These photomatic photobooth images are from the USA. Though undated, they appear to be from the WW2 era. They were probably taken in the same machine around the same time, possibly even within the same hour, as the visual evidence in hair and clothes might tell us, but also as the cardboard backing that supports the photo is, unusually, upside down on all the images.
I suspect that the first two photos were taken while the lady stood beside her man. You can just see a part of what appears to be an arm in the second pic that has the same tone and texture of the suit she is wearing in the subsequent images. They then pull over the second, darker curtain and in jumps his lady for the next series of flashes.
When searching for photobooth gems to add to my collection I always keep an eye out for any series of pictures that shows the same person in different poses or at different stages of their lives. Even if it is imagined, there is more of a story to be seen when a face is viewed in different modes. There is a tentativeness about their togetherness that I find endearing. Maybe they had just met. Maybe they were not demonstrative types. Given the era of these photos I am musing on the fate of these anonymous faces. Military service at any time is fraught with danger and uncertainty. Did this young man survive the war? If yes, did their relationship survive it?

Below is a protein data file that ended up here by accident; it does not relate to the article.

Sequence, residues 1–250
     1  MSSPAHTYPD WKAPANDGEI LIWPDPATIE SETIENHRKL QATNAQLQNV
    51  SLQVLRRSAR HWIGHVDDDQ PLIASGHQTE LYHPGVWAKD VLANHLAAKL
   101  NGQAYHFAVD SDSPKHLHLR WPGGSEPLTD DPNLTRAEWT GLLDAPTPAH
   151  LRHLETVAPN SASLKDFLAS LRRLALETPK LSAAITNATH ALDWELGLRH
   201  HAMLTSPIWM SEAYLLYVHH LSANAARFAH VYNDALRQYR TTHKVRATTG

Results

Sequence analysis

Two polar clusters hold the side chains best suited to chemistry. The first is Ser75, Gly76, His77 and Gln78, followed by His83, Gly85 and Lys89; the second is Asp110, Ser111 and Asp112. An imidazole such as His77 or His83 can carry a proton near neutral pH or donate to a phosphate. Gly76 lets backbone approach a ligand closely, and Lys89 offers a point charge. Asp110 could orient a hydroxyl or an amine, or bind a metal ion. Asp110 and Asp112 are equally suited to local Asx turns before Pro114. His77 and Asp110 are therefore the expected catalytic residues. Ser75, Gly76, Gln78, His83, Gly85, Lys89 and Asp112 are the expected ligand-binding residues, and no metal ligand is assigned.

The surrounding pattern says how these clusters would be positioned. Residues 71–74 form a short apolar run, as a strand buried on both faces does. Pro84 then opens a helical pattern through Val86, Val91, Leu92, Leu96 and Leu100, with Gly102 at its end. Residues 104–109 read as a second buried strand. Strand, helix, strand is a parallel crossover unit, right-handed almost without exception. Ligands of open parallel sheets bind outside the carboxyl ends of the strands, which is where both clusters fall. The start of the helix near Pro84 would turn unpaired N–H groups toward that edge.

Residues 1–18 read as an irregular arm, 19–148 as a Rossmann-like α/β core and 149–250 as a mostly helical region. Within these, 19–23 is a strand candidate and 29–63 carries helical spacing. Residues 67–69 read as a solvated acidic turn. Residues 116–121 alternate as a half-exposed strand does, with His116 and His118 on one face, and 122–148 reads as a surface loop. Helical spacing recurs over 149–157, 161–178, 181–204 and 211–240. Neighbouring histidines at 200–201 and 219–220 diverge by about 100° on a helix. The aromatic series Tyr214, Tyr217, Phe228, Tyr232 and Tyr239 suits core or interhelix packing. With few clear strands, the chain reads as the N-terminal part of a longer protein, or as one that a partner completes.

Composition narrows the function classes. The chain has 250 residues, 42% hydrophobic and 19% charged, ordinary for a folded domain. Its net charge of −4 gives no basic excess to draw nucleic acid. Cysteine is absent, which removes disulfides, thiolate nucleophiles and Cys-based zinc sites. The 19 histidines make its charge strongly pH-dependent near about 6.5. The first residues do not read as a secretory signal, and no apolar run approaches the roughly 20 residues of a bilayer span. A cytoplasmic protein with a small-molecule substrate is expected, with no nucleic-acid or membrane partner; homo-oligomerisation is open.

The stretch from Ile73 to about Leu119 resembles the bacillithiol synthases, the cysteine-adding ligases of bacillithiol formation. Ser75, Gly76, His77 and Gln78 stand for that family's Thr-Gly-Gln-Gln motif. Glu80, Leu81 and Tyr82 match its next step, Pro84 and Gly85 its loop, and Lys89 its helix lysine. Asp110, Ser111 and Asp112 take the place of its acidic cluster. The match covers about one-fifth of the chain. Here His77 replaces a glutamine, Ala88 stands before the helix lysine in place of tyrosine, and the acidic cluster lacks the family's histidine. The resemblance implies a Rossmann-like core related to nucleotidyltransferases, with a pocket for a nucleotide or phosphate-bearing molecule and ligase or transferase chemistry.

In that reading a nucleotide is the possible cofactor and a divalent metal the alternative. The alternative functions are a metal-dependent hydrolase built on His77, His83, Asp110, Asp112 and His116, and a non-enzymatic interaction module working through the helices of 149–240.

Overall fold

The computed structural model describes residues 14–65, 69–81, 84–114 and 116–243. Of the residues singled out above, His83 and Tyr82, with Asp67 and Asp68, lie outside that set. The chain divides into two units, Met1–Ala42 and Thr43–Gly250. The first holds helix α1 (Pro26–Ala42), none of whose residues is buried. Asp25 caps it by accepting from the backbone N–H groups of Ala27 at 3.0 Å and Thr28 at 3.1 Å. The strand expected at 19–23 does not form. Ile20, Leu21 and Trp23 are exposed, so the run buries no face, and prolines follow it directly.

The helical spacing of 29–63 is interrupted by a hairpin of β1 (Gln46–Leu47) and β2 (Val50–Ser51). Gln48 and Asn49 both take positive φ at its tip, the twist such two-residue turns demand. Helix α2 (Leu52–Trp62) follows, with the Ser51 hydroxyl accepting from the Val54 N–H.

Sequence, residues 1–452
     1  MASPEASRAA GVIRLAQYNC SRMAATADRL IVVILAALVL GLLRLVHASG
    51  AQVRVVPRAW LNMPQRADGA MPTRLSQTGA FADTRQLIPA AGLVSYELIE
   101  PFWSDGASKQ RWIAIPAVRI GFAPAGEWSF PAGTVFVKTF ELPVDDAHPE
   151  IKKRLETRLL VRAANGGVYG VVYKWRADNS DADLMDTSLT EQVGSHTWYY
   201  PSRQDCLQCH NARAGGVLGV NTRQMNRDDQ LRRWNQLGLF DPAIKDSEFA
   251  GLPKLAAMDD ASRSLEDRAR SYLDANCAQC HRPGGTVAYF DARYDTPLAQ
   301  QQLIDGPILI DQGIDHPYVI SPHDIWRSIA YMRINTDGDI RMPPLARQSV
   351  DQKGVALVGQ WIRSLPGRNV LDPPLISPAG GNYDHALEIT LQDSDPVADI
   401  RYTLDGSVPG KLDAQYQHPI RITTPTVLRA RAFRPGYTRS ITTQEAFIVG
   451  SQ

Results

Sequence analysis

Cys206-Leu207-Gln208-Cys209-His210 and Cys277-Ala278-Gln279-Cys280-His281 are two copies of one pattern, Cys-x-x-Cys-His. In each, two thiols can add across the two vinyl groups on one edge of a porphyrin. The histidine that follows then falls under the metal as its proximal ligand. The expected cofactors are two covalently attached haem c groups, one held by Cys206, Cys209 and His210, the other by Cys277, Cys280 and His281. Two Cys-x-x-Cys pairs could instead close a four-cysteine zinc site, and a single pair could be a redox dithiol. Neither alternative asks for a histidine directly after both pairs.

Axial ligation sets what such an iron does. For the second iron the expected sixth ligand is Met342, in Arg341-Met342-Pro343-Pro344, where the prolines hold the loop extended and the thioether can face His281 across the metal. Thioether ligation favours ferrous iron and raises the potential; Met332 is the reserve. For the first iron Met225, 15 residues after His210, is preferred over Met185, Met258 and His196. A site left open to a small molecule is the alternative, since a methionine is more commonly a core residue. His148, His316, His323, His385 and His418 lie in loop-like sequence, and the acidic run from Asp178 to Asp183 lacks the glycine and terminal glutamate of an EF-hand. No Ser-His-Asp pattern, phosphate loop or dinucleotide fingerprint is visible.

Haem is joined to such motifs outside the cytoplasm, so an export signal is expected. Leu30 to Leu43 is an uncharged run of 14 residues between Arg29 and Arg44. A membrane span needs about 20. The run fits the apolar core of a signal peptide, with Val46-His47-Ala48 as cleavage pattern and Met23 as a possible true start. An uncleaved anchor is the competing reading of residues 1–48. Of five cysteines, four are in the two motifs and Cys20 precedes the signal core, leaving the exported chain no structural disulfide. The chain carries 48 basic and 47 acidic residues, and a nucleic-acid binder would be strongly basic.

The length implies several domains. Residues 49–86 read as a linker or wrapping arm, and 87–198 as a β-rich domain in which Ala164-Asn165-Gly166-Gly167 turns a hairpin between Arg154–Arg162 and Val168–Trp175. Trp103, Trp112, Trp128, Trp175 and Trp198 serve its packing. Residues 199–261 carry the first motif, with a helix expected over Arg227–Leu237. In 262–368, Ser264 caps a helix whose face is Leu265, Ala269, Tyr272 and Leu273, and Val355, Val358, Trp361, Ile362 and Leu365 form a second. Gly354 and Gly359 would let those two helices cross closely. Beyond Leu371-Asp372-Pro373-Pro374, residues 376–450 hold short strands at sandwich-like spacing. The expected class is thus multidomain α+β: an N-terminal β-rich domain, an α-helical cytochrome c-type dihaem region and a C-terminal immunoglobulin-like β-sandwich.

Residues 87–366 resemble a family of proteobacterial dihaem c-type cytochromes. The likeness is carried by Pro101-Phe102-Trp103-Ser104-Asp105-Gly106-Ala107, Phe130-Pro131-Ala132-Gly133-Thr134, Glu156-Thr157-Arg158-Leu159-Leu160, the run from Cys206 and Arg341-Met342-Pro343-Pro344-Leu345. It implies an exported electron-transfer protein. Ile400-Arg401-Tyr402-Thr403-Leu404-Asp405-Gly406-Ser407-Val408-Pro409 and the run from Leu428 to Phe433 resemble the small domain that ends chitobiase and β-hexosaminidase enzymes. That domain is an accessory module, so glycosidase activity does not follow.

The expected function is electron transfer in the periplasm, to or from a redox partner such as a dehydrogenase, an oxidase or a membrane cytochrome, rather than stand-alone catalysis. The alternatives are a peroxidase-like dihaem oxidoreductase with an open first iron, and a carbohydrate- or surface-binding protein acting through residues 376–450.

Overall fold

The red spots you can see on the last image are the remains of a red elastic band, which, luckily didn’t touch much of the surface of the photo. The back of one of the other items is covered in solidified rubbery goo. I like finding these little pieces of evidence that at one point they were carefully stored together and therefore loved by someone, before being flung out into the world and an uncertain fate.